Sunday, February 26, 2012

If You Don't Read This You are Unfit to be a Parent

screaming contest

There. I said it. Do I mean it? No, of course not. How could the reading of one blog entry determine your suitability for being a parent? This entry is really going to be about something else. But that guilt-inducing fear-mongering sensationalistic headline has preyed on your need to feel like you are somehow doing the right thing in the vast uncertain world of parenting and consequently has sucked you in. All in a day's work.
Three things have brought this whole issue of ridiculous headlines and unrealistic parenting goals to the fore:
1. Newsweek--I have subscribed to Newsweek for the past seven years or so. I used to love it. Recently it changed hands. Tina Brown is running the ship now, and running it into the ground. But before she runs it into the ground she has decided to take a tour of the murkiest ocean of shit on the planet. The typos. The grammatical nightmares. The tiring new layout. The ham-handed references to 'The Daily Beast' crammed wherever they can fit. The dwindling content. All of these are problems. But let's just focus on the covers. Her business model seems to be taken from the Rupert Murdoch playbook. Make the covers patently obnoxious so the magazine gets talked about on as many platforms as possible. 'Why Are Obama's Critics So Dumb?' trumpeted a recent one. Then there was the particularly tasteless photoshopping together of Princess Diana and Duchess Catherine. The Michelle Bachman 'Queen of Rage' cover, using the craziest picture they could find, was another winner. Instead of trying to get noticed for content they are going for controversy. As serious writers and politicians begin to shun the tabloid, things will only get worse. Soon it will settle in nicely right next to the Enquirer on the checkout line, where I will gawk at the cover as I unload my shopping cart but never think twice of actually buying it.

2. Superior French Parents--There was a recent article in the Wall Street Journal titled 'Why French Parents are Superior'. Sigh. I can hear my friends chanting already--''F**k the French! F**k the French!" I have actually heard hundreds of people chant this, in unison, in a crowded bar. I cannot remember why, but it was probably related to the original Gulf War and not letting the US use their airspace. But that was almost twenty years ago, and this chanting took place last year. There is some deep-seated resentment of the French and their culture that exists in America, and this headline played right into it. The article was actually pretty good--it had some solid parenting advice relating to patience, saying No, setting boundaries, etc. The premise, that all French parents are like this, was a bit flimsy, but all in all it was a good reflection on different parenting styles. But many people didn't bother to read past the inflammatory headline, and instead jumped straight to the comments section, decrying French snobbery and trumpeting America's superiority in every way. And that is the sad part. Instead of focusing on the good parenting advice, they instead went for the lowball attention-grabbing headline, and as a result the headline is all that is being talked about, not the content.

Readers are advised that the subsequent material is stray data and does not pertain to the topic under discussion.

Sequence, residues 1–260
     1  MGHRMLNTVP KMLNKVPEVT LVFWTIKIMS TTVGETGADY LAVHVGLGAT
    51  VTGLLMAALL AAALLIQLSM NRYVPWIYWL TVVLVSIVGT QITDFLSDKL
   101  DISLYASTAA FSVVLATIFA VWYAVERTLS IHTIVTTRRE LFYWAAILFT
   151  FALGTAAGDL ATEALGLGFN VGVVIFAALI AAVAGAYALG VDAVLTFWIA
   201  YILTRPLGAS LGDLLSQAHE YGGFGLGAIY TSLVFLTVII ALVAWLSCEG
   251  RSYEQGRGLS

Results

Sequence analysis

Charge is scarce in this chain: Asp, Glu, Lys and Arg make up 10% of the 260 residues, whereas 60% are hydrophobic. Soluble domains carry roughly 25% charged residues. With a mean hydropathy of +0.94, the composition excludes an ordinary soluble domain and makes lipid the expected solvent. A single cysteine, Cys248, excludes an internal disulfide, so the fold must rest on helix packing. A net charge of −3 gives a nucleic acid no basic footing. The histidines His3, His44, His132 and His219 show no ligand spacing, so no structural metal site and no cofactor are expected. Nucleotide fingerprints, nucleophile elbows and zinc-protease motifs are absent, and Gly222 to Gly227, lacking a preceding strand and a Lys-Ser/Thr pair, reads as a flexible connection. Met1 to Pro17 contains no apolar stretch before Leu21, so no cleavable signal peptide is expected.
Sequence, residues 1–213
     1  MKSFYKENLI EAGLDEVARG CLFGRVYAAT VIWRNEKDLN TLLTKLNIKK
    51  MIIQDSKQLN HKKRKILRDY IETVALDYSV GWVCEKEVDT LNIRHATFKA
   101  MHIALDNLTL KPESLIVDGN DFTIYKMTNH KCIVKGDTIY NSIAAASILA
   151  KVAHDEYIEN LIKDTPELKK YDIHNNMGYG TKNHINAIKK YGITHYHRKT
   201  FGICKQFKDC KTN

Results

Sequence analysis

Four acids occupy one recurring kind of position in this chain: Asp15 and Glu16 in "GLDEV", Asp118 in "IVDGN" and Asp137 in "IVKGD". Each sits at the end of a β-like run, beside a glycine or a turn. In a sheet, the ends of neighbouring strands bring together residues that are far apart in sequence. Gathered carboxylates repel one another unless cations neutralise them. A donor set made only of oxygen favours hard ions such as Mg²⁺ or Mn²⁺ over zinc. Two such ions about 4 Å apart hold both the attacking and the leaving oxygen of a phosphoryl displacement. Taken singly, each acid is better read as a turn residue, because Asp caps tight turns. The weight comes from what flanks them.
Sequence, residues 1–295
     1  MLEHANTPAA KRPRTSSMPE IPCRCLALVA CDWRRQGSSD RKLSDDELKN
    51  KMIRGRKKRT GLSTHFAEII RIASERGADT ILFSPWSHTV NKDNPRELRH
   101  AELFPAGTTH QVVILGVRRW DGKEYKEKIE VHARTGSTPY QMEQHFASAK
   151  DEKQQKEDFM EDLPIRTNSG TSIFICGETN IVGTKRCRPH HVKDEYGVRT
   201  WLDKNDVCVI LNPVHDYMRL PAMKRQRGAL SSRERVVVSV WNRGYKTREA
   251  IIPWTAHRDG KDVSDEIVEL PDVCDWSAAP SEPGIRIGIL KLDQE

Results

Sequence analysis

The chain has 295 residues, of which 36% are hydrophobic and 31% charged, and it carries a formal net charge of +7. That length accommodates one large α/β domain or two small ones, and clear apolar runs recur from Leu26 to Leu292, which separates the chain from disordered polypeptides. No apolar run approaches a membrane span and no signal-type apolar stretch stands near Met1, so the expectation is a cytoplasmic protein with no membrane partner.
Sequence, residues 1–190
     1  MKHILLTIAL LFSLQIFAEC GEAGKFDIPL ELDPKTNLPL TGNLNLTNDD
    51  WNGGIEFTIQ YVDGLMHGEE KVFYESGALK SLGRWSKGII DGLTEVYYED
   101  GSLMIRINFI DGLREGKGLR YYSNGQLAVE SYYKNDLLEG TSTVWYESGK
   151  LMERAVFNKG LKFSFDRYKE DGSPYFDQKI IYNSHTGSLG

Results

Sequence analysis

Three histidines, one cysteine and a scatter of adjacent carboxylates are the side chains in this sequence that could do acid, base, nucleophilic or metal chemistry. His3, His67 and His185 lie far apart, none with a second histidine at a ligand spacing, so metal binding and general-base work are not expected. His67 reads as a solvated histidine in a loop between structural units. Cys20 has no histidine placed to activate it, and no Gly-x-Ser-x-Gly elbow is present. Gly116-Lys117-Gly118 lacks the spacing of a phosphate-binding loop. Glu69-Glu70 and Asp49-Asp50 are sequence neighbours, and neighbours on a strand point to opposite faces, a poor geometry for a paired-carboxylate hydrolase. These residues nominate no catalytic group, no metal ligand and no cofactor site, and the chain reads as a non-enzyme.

3. 25 Words by Two Years Old--Checklists. They are awesome for grocery shopping, when you are packing for a vacation, and when you are a pilot preparing for take-off. They are not real great when it comes to figuring out where your kid is developmentally. Especially when they are definitive in nature, like this recent gem: '25 Must Have Words For Toddlers'. The gist is that if your toddler cannot use these particular twenty-five words by the time he is two years old then he could have some issues, maybe a speech impediment, maybe autism. You better get your kid tested, though. Now. What are you waiting for? You already fucked up as a parent! Don't wait any longer! Go! GET YOUR DOOMED CHILD TESTED!

Sigh. The method they used to get these particular words seems suspect, especially considering some of the words included. Sure, there are 'mommy,' 'daddy,' 'yes' and 'no'. But the word 'cookie'? And 'banana'? What if you are not giving your kid cookies? What if you don't have access to bananas? I know it may seem far-fetched that you won't give your kid a cookie until they are three or four, but that's not the point. The point is the pressure that these well-intentioned lists put on already stressed-out parents. I know they mean well, and once again the message behind it is a good one--less TV, read more, talk more, explain the world to your child using lots of words--but it gets lost in the compulsion to make sure our kids are doing OK by comparing their development to a list of words on a piece of paper. 

Well, you can rest easy in one respect--you have read through to the end of this blog post, so that must mean you are fit to be a parent. Congratulations! Celebrate with a highball while your kid runs around the house with scissors.

1 comment:

  1. Thank you for pointing out the ridiculousness of that words list. I read that article too and thought some of the words were just silly to set as a standard for development. Another thing to make parents feel like they aren't up to scratch.


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